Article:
Resources: New Study Identifies Effective Adult Learning Practices

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" Researchers Carl J. Dunst and Carol M. Trivette at the Orelena Hawks Puckett Institute recently published a meta-analysis of adult learning methods identifying  effective adult learning practices and the conditions under which optimal learner benefits are supported."

Carl J. Dunst, Ph.D.

Orelena Hawks Puckett Institute

Carol Trivette, Ph.D.

Orelena Hawks Puckett Institute

Researchers Carl J. Dunst and Carol M. Trivette at the Orelena Hawks Puckett Institute recently completed a meta-analysis of 58 studies examining four different adult learning methods to identify which particular practices were associated with improvements in learner knowledge, skills, and self-efficacy beliefs. A particular focus was to identify the conditions under which different combinations of the most impactful adult learning practices have optimal learner benefits. Results from the analyses were recently reported in the Journal of Social Sciences.

Practices examined in the meta-analysis included:

  1. methods used by a trainer or coach to introduce and illustrate a new practice,
  2. learners’ use and experiential evaluation of the new practice, and
  3. learner self-assessment of the practice, as facilitated by a coach or trainer.

Unpacking the results led to a number of insights about the conditions under which adult learning practices might be associated with greater impact.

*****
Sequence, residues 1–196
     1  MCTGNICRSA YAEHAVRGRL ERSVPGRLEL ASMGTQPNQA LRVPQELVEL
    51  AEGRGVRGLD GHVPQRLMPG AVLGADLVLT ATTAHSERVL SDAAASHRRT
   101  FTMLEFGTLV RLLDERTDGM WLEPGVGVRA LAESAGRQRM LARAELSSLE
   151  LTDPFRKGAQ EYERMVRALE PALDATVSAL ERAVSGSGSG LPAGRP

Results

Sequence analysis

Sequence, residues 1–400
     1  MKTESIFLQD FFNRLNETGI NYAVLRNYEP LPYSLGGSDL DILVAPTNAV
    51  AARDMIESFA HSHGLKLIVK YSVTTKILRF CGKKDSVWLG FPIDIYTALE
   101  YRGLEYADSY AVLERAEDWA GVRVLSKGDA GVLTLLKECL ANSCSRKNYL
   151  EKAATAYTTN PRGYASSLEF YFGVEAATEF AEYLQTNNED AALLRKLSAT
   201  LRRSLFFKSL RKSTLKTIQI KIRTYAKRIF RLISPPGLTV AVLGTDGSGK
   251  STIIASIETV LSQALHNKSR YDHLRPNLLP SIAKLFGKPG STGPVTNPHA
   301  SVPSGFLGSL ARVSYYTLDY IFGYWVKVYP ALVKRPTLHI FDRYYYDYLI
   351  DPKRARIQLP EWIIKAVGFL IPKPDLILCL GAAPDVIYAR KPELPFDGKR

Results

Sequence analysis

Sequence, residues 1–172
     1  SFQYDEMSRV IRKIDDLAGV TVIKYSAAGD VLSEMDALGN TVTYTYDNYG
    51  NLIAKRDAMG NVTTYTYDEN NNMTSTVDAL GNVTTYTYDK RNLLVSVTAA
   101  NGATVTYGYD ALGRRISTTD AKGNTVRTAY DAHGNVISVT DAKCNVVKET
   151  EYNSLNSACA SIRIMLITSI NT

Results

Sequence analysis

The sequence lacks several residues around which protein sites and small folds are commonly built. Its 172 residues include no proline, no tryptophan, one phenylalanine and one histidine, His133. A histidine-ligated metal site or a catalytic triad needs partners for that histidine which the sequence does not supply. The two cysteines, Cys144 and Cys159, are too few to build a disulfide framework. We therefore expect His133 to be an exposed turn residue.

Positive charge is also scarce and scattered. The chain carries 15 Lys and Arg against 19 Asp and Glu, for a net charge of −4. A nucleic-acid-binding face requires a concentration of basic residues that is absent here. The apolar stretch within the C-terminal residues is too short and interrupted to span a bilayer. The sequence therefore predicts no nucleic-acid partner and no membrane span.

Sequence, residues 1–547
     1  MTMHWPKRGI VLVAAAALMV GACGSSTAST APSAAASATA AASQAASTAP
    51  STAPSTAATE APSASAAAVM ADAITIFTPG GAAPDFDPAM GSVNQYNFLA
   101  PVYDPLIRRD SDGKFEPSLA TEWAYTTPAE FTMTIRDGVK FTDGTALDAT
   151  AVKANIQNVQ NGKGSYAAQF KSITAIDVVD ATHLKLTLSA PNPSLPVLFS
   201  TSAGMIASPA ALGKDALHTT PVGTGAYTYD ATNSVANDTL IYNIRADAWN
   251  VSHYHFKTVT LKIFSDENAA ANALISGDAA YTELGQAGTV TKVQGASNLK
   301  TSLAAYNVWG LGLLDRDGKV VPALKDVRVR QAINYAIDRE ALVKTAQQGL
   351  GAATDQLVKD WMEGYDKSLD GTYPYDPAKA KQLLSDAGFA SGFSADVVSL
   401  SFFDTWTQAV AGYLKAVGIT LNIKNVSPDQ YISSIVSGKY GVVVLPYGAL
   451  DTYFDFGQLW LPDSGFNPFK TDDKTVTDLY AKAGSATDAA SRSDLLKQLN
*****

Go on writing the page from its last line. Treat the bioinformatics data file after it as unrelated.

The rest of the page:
Findings showed that optimal learner benefits occurred when 4 or 5 of six evidence-based practices were incorporated into training sessions that were spread out over at least 20 nonconsecutive hours. Trainings were also more likely to be effective when limited to a small number of learners and when trainings were held in learners’ routine work environments.

Results from this meta-analysis were used by Dunst, Trivette, and their colleagues to develop and provide training to early childhood practitioners and parents to promote their use of various evidence-based practices. The use of evidence-based adult learning practices, such as these identified by Dunst and Trivette, is a core component of the Active Implementation Frameworks identified by NIRN for quality and sustainable implementation of innovations in human services.  Empirically examining the interplay between implementation practices and intervention practices is now the focus of additional investigation by Puckett Institute researchers. Their goal is to better understand how to conceptualize and interface implementation research and practice.

Full reference for the Dunst and Trivette meta-analysis:

Dunst, C. J., & Trivette, C. M. (2012). Moderators of the effectiveness of adult learning method practices. Journal of Social Sciences, 8, 143-148.

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